Some people, like Shawn Vecchione, are tired of talking about sharks. The constant chatter about great whites caused Vecchione, who owns Vec Surfboards in Orleans, to close the retail side of his business this summer after 10 years.
“It got to a point where everyone wanted to talk about sharks,” Vecchione said. “Mentally I wasn’t here. My heart wasn’t in the retail side of it.”
Vecchione still handcrafts surfboards at his Orleans shop for customers by appointment. He said about 90 percent of the boards he makes are for off-Cape orders.
Even though Vecchione is tired of the discussion, he knows it isn’t going away anytime soon.
He said he’s gotten advice from shark scientist Greg Skomal about public perceptions of the problem but the frenzy around the sharks became too much for him.
He’s not alone.
Olaf Valli, who owns Sickday Surf Shop in Wellfleet, is tired of the media fever surrounding sharks, too.
“The reality of the danger is not nearly as impactful as the coverage of it,” said Valli.
Unlike Vecchione, Valli chose to keep his shop open, but he saw a sharp drop in wetsuit and surfboard sales this past summer. He said business was down by $20,000 in board sales and rentals in July 2019 compared to July 2018.
Valli understands that being a smart business owner means responding to changing circumstances.
“We’re trying to figure out how we can adapt,” he said. “The rentals were big, and those have really dropped significantly. We’re trying to figure out how to bring in new products that are not surfing related.”
Valli chose to suspend his surf school with lessons at ocean beaches in Wellfleet because of concern that no real preventative measures were being taken for the safety of people in the water.
“It feels like Wellfleet or the state just doesn’t care,” he said. “So once we can show that we do care and there are things in place to keep people safe, then people will be more confident to get in the water again.”
Emma Herrick vacations in Orleans during the summer and taught surf lessons with Cape Cod Surf Camp at Nauset Beach for five years before the town shut down the lessons last summer.
During the previous season in 2018, Herrick said, the surf camp was busy even though there were frequent shark sightings.
“We got pulled out of the water at least twice a week,” she said. “Some people thought it was cool and some people got spooked.”
One family even returned for two more lessons after being called out of the water in their first trip.
If the surf school is reinstated at Nauset Beach, Herrick said, she would be willing to teach lessons there again — but only at low tide.
“I don’t think people should stop swimming, but just be more cognizant of what’s going on and understand the risks,” she said.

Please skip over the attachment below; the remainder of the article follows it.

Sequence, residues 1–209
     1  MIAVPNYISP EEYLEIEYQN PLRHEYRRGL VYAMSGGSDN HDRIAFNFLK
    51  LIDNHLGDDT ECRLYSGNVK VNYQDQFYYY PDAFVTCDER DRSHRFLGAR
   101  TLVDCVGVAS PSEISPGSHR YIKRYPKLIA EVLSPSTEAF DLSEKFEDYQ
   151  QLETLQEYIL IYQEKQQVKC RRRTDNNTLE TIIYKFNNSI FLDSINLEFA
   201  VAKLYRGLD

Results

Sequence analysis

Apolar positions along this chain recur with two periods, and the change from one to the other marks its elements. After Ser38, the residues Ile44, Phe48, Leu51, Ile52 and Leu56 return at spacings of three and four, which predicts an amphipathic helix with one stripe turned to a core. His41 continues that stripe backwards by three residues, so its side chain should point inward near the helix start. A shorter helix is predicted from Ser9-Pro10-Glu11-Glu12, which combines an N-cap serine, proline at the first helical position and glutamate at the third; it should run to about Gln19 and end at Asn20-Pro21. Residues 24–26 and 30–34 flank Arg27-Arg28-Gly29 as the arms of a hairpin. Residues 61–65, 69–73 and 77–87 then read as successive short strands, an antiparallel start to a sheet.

Both Herrick and Valli worry about the signs installed by towns and the National Seashore that depict a large image of a great white shark.
“[It’s] valid to put the warnings out but they are grossly misrepresenting the danger that’s there,” Valli said. He believes that rip tides and strong currents are more likely to cause harm.
Both Valli and Vecchione said they had noticed a drop in the number of people surfing. More people are turning to stand-up paddle boarding to get a better view of what’s beneath them.
Coverage Is ‘a Joke’
Matt and Jamie Rivers own the Pump House Surf Shop in Orleans. Matt continued to surf regularly this past summer along with a group of diehard surfers who aren’t going to stop.
Like Vecchione and Valli, the Riverses aren’t pleased with media coverage of sharks.
“It’s a joke,” Matt Rivers said of the national media’s portrayal of sharks on Cape Cod.
When a shark sighting is confirmed at a beach, the standard protocol for lifeguards and beach staff is to get everyone out of the water and close swimming for one hour. If a confirmed sighting is not made again within an hour, then people can get back in the water.
But some local and national media outlets post headlines throughout the summer with misleading information, suggesting an entire beach is closed for an indefinite amount of time. That’s not great for the surf shop business.
“We’re still selling a fair amount of surfboards,” Matt Rivers said. But he knows that shark stories will continue to be a threat to his business.
“This is a big learning year,” Jamie Rivers said. She is also a member of the Eastham Select Board. “The towns are doing what we can.”
The highly anticipated Woods Hole Group shark mitigation study was released last month but didn’t provide definitive recommendations for a single strategy to decrease the risk of shark attacks.
Jamie said the towns ultimately don’t have a lot of control because any major changes would have to go through the state and federal governments.
But whatever the towns do should be done in unison.
“We have to provide a unified approach to the state so that it’s consistent and confident,” she said.
Some companies pitched shark deterrent or detection products at community forums last fall and winter. Sickday and Vec Surfboards did carry products from companies like Shark Shield, Sharkbanz, and RPELA at a reduced cost for locals, but the Pump House chose not to sell those products.
“Our customers come to us because of our product knowledge and I don’t feel comfortable handing [those products] out,” Jamie Rivers said.
She said that they don’t discourage others from selling or using the products but she feels like the products are not fully proven and not a guarantee of safety.
Vecchione and Valli agreed that the products are no guarantee of safety but don’t see them doing any harm.
“Whenever there’s big change, there’s big opportunity,” Matt Rivers said. “There’s potential for growth as long as we’re willing to try and find it.”